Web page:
Date: Thu, 14 Sep 1995 11:36:00 CDT
From: Randy Roberts robertsr[AT SYMBOL GOES HERE]EXT.MISSOURI.EDU
Subject: with a bullet
I have checked in the cite files of Peter Tamony and Clarence Barnhart
held here in Missouri. Each has a number of examples of bullet used
in this sense from the mid-1970s to early 1980s. Includes examples of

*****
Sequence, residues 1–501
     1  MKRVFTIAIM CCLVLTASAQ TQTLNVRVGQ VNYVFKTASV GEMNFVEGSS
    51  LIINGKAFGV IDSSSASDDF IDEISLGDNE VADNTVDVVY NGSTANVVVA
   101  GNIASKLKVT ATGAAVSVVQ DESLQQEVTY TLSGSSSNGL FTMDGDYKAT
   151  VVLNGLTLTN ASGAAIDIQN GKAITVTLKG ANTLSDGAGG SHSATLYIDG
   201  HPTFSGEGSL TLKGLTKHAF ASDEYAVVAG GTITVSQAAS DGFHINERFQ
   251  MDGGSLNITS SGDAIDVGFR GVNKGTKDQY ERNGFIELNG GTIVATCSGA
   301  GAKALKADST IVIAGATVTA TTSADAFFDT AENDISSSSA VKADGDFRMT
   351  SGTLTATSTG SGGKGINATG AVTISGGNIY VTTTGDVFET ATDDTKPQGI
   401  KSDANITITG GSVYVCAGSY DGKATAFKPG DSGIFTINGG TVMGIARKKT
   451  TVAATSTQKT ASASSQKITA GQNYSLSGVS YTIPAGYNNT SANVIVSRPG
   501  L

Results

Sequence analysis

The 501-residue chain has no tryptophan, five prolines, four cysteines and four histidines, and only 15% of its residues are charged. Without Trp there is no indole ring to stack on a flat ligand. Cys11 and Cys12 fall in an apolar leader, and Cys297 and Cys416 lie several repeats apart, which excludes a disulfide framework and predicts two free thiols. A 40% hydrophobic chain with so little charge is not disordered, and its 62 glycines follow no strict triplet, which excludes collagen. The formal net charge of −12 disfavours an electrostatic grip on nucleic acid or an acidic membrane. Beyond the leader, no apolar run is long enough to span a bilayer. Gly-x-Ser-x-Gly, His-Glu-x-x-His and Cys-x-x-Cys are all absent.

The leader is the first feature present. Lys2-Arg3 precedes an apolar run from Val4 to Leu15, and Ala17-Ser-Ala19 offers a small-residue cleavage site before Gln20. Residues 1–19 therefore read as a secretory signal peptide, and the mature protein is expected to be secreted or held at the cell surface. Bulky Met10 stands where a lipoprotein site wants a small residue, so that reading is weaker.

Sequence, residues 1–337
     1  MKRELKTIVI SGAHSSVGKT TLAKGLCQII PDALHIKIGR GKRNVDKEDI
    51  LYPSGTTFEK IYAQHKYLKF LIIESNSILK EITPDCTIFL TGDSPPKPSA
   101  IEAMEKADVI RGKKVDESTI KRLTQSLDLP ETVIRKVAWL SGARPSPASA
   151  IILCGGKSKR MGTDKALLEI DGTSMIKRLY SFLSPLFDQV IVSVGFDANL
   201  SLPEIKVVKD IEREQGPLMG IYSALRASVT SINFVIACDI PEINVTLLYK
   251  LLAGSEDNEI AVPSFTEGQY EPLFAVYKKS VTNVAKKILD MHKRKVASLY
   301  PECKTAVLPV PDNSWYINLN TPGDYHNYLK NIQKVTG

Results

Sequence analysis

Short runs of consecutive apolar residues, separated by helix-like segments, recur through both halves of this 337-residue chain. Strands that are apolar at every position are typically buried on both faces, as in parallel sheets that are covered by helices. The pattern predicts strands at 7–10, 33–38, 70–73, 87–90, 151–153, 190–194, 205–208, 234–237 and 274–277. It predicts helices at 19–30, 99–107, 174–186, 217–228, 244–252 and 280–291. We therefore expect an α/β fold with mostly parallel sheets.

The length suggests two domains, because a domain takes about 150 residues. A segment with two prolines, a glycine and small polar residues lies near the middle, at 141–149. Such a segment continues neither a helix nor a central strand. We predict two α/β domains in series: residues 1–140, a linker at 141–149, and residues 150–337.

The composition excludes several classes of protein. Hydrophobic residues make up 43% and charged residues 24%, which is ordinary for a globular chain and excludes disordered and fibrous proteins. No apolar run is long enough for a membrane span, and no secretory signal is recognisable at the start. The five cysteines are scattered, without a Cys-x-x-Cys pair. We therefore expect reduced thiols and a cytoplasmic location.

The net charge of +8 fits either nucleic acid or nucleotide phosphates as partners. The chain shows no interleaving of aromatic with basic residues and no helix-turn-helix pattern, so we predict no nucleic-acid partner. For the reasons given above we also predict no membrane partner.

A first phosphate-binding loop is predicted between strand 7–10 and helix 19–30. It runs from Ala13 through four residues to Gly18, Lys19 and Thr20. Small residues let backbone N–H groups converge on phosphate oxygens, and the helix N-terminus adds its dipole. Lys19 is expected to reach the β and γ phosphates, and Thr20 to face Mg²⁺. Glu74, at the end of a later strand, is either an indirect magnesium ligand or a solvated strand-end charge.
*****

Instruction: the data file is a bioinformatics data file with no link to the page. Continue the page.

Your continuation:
bulleting to the top and bulleted at the top, etc. The earliest
example, however, is from Tom Wolfe's THE KANDY-KOLORED TANGERINE
FLAKE STREAMLINE BABY of 1965. Tamony lifted a quote from page 62:
"His latest record, 'You've Lost that Lovin' Feelin',' by the
Righteous Brothers, rose from the 70's to No. 37 with a 'bullet'
beside it ----- meaning 'going up fast'." Sorry, but I don't see
anything which addresses the origin of the phrase.
University of Missouri-Columbia
robertsr[AT SYMBOL GOES HERE]ext.missouri.edu